Forest Ethics Advocacy Association v Canada: Barred from Charter Relief

This comment is the second part of a two-part series analyzing the Federal Court of Appeal (“FCA”) decision in Forest Ethics Advocacy Association v Canada (National Energy Board), 2014 FCA 245 [Forest Ethics]. As outlined in part one, Forest Ethics is a judicial review of interlocutory decisions related to a proceeding on the approval of the Line 9B and Line 9 Capacity Expansion Project. The basis for the decisions is the rejection of Ms. Sinclair, an environmentalist and resident of North Bay, Ontario, as a participant in the National Energy Board (“NEB”) hearings on the Line 9 project.

Forest Ethics and Ms. Sinclair challenged the interlocutory decisions on two bases: administrative law unreasonableness and the constitutional guarantee of freedom of expression in section 2(b) of the Canadian Charter of Rights and Freedoms (“Charter”). Part one (found here) detailed the administrative law elements of the decision. Part two will discuss the FCA’s findings on the applicants’ Charter argument.

Noting that the Charter argument had not been raised before the NEB, Justice Stratas framed the issue in negative terms: “whether the applicants are barred from seeking Charter relief on the application of judicial review…” (para 26). He found that they were. The discussion begins with the court’s rejection of public interest standing for Forest Ethics.

Forest Ethics as a “Classic Busybody”

The FCA found that Forest Ethics fell “well short” of establishing that it satisfied the criteria for public interest standing as laid out in the Supreme Court of Canada (“SCC”) decision Canada (Attorney General) v Downtown Eastside Sex Workers United Against Violence Society, [2012] 2 SCR 524. Under these criteria an applicant must show (a) there is a justiciable and serious issue to be tried, (b) it has a genuine interest in the subject matter, and (c) the proposed action is a reasonable and effective means of bringing the matter before the court.

While the FCA recognized a serious issue was being tried, Forest Ethics failed to meet the other two criteria. Note the strong language used by Justice Stratas:

Forest Ethics is a classic “busybody,” as the term is understood in jurisprudence. Forest Ethics asks this Court to review an administrative decision it had nothing to do with… .

If Forest Ethics were allowed to bring an application for judicial review in these circumstances, it and similar organizations would be able to bring an application for judicial review against any sort of decision anywhere at any time, pre-empting those who might later have a direct and vital interest in the matter. That is not the state of our law (paras 33, 36).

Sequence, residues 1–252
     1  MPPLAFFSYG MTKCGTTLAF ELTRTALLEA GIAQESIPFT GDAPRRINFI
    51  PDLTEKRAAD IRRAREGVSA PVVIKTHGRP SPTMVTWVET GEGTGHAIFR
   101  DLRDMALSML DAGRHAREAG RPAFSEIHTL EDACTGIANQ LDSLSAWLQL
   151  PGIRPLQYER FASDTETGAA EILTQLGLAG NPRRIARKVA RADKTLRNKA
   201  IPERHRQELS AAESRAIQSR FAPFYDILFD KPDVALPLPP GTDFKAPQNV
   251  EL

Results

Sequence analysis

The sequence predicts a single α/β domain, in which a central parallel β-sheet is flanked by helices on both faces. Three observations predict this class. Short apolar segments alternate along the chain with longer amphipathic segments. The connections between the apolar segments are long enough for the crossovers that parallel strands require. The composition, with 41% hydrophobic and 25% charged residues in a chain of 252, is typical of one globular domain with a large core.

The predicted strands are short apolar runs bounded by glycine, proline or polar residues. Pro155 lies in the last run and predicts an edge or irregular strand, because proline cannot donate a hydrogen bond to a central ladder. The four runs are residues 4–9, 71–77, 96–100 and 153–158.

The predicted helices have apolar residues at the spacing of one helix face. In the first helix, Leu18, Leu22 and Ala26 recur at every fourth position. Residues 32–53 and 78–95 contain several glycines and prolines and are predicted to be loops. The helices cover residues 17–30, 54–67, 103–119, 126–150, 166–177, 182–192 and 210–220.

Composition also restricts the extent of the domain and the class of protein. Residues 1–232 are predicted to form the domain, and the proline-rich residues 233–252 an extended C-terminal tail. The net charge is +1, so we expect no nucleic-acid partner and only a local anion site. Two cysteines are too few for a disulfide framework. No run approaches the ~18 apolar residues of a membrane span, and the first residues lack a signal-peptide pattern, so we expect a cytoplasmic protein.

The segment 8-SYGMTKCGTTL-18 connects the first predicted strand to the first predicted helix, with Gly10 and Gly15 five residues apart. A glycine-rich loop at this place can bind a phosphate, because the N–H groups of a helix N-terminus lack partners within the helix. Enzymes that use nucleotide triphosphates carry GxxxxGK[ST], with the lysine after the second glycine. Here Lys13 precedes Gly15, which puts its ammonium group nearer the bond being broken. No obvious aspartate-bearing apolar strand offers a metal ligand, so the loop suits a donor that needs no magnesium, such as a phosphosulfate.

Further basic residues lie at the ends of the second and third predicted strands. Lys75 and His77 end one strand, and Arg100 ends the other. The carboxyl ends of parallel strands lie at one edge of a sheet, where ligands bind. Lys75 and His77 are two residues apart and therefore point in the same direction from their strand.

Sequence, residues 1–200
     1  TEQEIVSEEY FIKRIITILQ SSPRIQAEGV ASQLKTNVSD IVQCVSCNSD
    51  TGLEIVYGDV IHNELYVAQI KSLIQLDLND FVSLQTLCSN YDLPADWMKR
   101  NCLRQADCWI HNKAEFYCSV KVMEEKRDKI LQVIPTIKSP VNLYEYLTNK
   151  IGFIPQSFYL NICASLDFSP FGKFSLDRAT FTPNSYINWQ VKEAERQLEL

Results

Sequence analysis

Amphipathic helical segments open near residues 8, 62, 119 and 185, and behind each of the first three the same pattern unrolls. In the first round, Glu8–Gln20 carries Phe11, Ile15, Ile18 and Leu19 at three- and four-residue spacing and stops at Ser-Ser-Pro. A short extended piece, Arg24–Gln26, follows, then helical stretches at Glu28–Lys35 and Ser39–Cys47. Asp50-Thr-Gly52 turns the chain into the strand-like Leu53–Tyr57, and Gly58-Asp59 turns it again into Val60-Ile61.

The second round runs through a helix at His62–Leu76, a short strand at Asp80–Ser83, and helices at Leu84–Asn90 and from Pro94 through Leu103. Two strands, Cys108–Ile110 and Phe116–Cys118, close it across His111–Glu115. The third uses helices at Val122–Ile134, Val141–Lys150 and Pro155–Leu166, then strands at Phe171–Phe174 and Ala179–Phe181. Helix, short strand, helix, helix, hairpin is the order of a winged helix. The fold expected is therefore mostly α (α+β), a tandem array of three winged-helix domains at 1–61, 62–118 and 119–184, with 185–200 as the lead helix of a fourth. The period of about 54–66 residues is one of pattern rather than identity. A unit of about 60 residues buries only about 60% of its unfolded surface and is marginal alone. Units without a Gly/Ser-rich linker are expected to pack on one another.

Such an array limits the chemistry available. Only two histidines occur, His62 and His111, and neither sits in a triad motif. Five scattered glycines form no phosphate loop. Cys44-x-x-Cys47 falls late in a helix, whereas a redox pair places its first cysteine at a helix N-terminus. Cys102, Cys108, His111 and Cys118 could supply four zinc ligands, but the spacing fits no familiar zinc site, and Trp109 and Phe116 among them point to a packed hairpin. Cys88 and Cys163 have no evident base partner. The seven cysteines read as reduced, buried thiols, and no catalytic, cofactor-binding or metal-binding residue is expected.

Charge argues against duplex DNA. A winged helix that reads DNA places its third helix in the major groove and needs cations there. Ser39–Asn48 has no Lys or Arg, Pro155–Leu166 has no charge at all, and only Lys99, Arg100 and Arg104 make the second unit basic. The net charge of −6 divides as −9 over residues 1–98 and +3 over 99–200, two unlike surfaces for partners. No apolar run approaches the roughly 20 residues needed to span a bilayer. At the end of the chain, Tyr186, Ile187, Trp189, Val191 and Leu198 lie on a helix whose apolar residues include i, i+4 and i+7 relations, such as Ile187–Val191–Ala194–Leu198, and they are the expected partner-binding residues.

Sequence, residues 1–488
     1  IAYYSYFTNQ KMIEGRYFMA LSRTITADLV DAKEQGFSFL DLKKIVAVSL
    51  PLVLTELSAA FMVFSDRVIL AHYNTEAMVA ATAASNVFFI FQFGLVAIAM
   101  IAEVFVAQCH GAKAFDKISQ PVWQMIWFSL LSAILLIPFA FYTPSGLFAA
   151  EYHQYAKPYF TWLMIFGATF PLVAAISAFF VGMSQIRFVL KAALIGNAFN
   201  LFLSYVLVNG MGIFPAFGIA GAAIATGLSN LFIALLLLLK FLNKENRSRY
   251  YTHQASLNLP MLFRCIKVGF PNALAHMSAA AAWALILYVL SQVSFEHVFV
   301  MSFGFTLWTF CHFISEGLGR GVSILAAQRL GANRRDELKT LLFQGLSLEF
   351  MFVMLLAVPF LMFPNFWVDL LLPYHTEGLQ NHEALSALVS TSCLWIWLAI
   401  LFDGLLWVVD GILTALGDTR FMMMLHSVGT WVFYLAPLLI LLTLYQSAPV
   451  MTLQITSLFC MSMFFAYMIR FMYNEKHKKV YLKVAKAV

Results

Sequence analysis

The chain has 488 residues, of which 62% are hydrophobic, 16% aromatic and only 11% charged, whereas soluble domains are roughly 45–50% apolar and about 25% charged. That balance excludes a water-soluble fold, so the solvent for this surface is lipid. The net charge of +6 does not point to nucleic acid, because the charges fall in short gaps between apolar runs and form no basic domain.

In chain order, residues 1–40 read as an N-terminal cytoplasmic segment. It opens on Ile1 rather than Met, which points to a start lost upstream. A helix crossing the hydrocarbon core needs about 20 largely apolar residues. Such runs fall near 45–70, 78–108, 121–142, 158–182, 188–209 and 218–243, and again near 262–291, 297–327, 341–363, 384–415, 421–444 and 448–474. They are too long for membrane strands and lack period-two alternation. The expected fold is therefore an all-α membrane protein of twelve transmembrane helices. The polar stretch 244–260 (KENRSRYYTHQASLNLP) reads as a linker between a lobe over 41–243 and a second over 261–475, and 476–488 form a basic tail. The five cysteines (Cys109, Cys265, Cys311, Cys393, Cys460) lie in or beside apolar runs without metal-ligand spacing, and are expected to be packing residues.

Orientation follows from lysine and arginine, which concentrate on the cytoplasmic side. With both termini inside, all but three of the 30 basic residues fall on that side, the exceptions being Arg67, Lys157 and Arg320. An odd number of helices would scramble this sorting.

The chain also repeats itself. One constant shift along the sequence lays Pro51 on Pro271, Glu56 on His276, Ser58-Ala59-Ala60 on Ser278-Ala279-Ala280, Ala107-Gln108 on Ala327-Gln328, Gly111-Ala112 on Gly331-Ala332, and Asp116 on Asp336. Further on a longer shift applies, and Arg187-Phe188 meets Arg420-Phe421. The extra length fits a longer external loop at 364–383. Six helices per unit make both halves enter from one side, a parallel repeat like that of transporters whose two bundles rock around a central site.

In denying Forest Ethics’s standing, the FCA essentially replicated Justice Cory’s classic slippery slope reasoning in Canadian Council of Churches v Canada, [1992] 1 SCR 236, which held that courts would be “hopelessly overburdened” by a proliferation of “marginal or redundant suits brought by well-meaning organizations” (para 26).

The Administrative Record

After barring Forest Ethics by way of standing, the FCA rejected Ms. Sinclair’s application for Charter relief because constitutional issues should only be decided on the basis of a “full, rich factual record” (para 44). If section 2(b) had been raised before the NEB, the Board would have had the benefit of submissions and cross-examinations, and would have had the opportunity to question the parties. The resulting information, combined with the NEB’s expert understanding of energy policy, would have provided a valuable administrative record for the FCA to draw upon.

Further, the NEB could not simply correct these deficiencies in the record when the issue was at the FCA:

On a judicial review, administrative decision-makers do not have full participatory rights as parties or interveners. They cannot make submissions to the reviewing court with a view to bolstering or supplementing their reasons. They face real restrictions on the submissions they can make (para 44).

Citing Okwuobi v Lester B. Pearson School Board, Casimir v Quebec (Attorney General), and Zorrilla v Quebec (Attorney General), the FCA found that when an administrative decision-maker has jurisdiction to decide constitutional issues, as in this case, the decision-maker should not be bypassed by raising the issues for the first time on judicial review. The rationale for this position goes to the doctrine of Parliamentary Supremacy. Parliament assigned responsibility for determining the merits of factual and legal issues to the NEB, and this grant of jurisdiction must be respected.

An Update on the Forest Ethics Administrative Law Decisions

As discussed in my previous post, the FCA held that it was reasonable for the NEB to find that the climate change effects associated with the upstream development of Alberta’s oil sands and downstream use of oil transported by the pipeline were irrelevant and would not be considered in the larger proceeding.

On Friday, November 21, Ontario Premier Kathleen Wynne and Quebec Premier Phillip Couillard disagreed with the FCA’s assessment and signed an agreement on joint principles and collaborative work to guide their respective decisions concerning pipeline projects. At a news conference after their meeting, the premiers noted that climate change must be addressed in any plan to carry energy across the country.


Forest Ethics is a forceful decision in favour of increased deference to the NEB. This comes out clearly in Justice Stratas’s decision to reject judicial discretion in favour of administrative expertise when faced with an application for Charter relief.

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